into the assessment. 20 C.F.R. § 404.1545(a)(3). The United States Court of Appeals for the
Eighth Circuit has held that a “claimant’s residual functional capacity is a medical question.”
Lauer v. Apfel, 245 F.3d 700, 704 (8th Cir. 2001). Therefore, an ALJ’s determination
concerning a claimant’s RFC must be supported by medical evidence that addresses the
claimant’s ability to function in the workplace. Lewis v. Barnhart, 353 F.3d 642, 646 (8th
Cir. 2003). “[T]he ALJ is [also] required to set forth specifically a claimant’s limitations and
to determine how those limitations affect his RFC.” Id. “The ALJ is permitted to base its
RFC determination on ‘a non-examining physician’s opinion and other medical evidence in
the record.’” Barrows v. Colvin, No. C 13-4087-MWB, 2015 WL 1510159 at *15 (quoting
from Willms v. Colvin, Civil No. 12-2871, 2013 WL 6230346 (D. Minn. Dec. 2, 2013).
The ALJ noted that x-rays of Plaintiff’s hands in 2010 showed degenerative
osteoarthritis changes and that nerve conduction studies performed in July of 2011 showed
right carpal tunnel syndrome with sensory neuropathy. (Tr. 90). The ALJ further reported
that Plaintiff received a steroid injection in the carpal canal in July of 2011, with reported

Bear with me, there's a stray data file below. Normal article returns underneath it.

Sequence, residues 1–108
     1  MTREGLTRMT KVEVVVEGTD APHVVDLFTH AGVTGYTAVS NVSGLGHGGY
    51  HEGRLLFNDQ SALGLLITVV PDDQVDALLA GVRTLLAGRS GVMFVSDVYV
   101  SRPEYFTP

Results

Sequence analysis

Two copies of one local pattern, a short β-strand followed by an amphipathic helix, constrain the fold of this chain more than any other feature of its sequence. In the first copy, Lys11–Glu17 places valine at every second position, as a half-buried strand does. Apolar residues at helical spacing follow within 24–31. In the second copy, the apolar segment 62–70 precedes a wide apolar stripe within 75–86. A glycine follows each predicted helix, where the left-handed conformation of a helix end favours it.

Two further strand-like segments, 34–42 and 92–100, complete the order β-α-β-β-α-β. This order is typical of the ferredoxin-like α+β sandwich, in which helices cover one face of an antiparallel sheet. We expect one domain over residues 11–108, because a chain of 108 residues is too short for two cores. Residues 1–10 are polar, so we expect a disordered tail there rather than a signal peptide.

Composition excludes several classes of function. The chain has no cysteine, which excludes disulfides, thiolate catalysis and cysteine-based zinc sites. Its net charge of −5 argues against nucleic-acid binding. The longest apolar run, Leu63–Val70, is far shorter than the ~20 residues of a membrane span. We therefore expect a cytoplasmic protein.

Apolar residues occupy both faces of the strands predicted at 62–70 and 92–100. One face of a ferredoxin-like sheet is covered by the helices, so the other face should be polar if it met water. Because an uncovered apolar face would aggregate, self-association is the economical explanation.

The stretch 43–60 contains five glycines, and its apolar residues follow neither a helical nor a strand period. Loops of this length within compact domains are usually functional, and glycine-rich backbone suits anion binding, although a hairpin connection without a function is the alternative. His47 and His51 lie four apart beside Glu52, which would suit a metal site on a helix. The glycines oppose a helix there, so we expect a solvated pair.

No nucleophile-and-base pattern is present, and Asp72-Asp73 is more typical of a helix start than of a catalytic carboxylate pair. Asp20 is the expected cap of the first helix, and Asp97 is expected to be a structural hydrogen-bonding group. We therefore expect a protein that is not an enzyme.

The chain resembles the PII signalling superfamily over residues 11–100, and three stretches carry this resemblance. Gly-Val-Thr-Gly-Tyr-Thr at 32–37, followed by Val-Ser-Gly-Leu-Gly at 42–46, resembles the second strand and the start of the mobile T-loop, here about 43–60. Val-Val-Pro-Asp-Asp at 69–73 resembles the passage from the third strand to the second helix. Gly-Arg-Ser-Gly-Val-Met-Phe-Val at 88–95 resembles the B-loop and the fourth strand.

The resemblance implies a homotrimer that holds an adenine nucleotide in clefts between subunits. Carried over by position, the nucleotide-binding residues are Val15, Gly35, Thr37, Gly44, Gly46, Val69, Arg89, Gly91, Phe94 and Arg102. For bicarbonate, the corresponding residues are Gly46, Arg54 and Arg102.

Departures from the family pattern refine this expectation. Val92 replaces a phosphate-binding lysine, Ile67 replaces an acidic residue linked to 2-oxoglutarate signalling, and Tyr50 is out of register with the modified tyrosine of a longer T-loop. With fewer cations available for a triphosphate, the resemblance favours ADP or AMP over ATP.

relief of his symptoms, and that Plaintiff stated he did not want to have surgery. (Tr. 90, 549,
551). On May 24, 2013, Plaintiff saw Dr. Merwin Moore for his right carpal tunnel
syndrome, and underwent a regional block in his clinic. (Tr. 779). The ALJ concluded that
Plaintiff’s carpal tunnel syndrome was treated successfully with steroid injections and only
recently underwent release on the right hands. (Tr. 91).
The Court finds it noteworthy that in a May 10, 2012, Medical Exam Report for
Commercial Drive Fitness Determination, Plaintiff indicated he had “no limitations” and the
doctor completing the form indicated Plaintiff “meets standards, but periodic evaluation
required” due to blood pressure. (Tr. 647, 649). Nothing was noted regarding limitations with
Plaintiff’s shoulder or from carpal tunnel syndrome.
On June 12, 2012, non-examining physician, Dr. Karmen Hopkins, completed a
physical RFC Assessment, wherein she found inter alia, that no manipulative limitations
were established. (Tr. 611). On October 1, 2012, Plaintiff reported that he drove, shopped,
hunted three to four times a year if he could ride his 4-wheeler, fished one to two times a year
and had to be able to sit often, and performed gunsmithing, as long as he could work sitting.1
(Tr. 493-494). On November 2, 2012, Dr. Clarence Ballard affirmed Dr. Hopkins’ decision.
(Tr. 668). On May 24, 2013, Dr. Merwin Moore noted that Plaintiff reported he “had
numbness for years.” (Tr. 779). However, Plaintiff was able to perform medium work for
The Court believes the evidence does not establish that Plaintiff’s shoulder pain and
carpal tunnel syndrome resulted in functional limitations lasting or expecting to last a
duration of twelve months, beyond the functional limitations restricting Plaintiff to the range
The Court notes that at the hearing held on July 11, 2013, Plaintiff testified that he had to stop the
gunsmithing, although he continued to fill in for the gunsmith boss when he needed to go places. (Tr. 108).